Second, there would appear to be principled reasons why only a served defendant may remove since a removal petition invokes the Court's jurisdiction. Ordinarily, the Court may only exercise its jurisdiction over parties properly before it. Murphy Bros., 526 U.S. at 350 (“[A]bsen[t] [] service of process (or waiver of service by the defendant), a court ordinarily may not exercise power over a party the complaint names as defendant[].”). We do not mean to suggest that a removing defendant waives, for example, a defense of lack of personal jurisdiction but waiving a defense of improper service (although an admittedly similar defense) seems less draconian as applied to a defendant who seeks to deny a plaintiff his chosen forum through a volitional Notice of Removal.[7]

         Third, attaching the 30-day time period to the act of service allows for the federal court to easily calculate the accrued time, assess compliance with the statute, furthers the statutory goals in complicated cases, and minimizes uncertainty in the state court proceedings.[8]

         Lastly, interpreting the statute to require service before removal discourages gamesmanship by setting clear parameters of accrual and wavier. The Court notes that this is a two defendant case. One defendant is Paramount, an LLC. Paramount has two members. One member, the Removal Notice acknowledges, is Greenlee, who the Notice also acknowledges is Paramount's “manager.” (Docket No. 1 at 3.) Paramount has also consented to removal, has not contested service, and it appears that the time for Paramount to remove expired before the Notice of Removal was filed.

         It seems likely to this Court, therefore, that Greenlee had notice of this matter more than 30 days before he filed his Notice of Removal. This Court will of course follow Murphy Bros. but it appears to be Greenlee's view that he has an inchoate right of removal exercisable at any time up to 30 days after service is finally effected. This seems inconsistent with a statutory scheme apparently designed to resolve these issues expeditiously and with certainty - one which gives each defendant 30 days, and no more than 30 days, to choose a forum.[9]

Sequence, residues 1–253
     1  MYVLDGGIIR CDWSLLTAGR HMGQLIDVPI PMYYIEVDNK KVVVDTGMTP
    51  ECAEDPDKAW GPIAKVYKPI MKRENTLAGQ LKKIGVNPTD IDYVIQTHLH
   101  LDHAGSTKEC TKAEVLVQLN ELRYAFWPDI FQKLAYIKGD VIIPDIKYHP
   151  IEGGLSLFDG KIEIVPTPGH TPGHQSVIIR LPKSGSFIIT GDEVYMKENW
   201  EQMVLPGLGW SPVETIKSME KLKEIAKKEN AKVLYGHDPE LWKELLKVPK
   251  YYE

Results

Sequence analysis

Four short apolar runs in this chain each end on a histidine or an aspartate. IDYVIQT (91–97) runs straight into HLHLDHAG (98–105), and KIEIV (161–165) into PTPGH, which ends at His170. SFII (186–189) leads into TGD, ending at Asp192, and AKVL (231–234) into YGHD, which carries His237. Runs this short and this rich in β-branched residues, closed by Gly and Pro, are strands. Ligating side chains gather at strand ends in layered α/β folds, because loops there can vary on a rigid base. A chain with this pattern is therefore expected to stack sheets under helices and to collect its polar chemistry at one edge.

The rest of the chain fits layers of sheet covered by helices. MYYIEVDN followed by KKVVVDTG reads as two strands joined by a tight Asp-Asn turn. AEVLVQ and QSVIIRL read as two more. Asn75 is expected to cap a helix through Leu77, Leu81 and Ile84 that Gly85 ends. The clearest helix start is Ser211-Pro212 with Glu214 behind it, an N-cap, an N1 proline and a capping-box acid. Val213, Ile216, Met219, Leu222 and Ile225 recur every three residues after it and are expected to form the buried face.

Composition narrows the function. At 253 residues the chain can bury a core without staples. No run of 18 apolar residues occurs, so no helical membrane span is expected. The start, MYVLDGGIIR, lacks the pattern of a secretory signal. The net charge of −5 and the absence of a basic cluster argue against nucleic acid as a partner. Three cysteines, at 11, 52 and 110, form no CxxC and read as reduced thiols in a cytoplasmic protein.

To be clear, this Court express no view on the proper interpretation of § 1446 under these facts. We raise these issues not to decide them on the present record but because the present record is inadequate to resolve them. Greenlee's Notice of Removal and opposing brief simply says, in essence, he is not too late to the party because the party hasn't started yet.[10] We think more explication is required.

         As the removing party, Greenlee bears the burden of showing that the federal court has jurisdiction to hear the case, and this Court must strictly construe the removal statutes and resolve all doubts about removal in favor of remand. Boyer v. Snap-on Tools Corp., 913 F.2d 108, 111 (3d Cir. 1990). We believe, therefore, that if Greenlee contests service he must establish the legal basis by proper citation to case law or statute that permits an unserved defendant to remove a case when he was not yet within the state court's jurisdiction. See Ware v. Wyndham Worldwide Inc., 2010 WL 2545168, at *2 (D.N.J. 2010) (citing In re Notice of Removal by William Einhorn, 481 F.Supp.2d 345, 347-48 (D.N.J. 2007)) (providing that until formally served and brought under a court's authority, that person is not a defendant, but is simply a non-party that lacks standing to remove, and that the pivotal question is whether, and at what point, the defendant became the defendant and thereby ...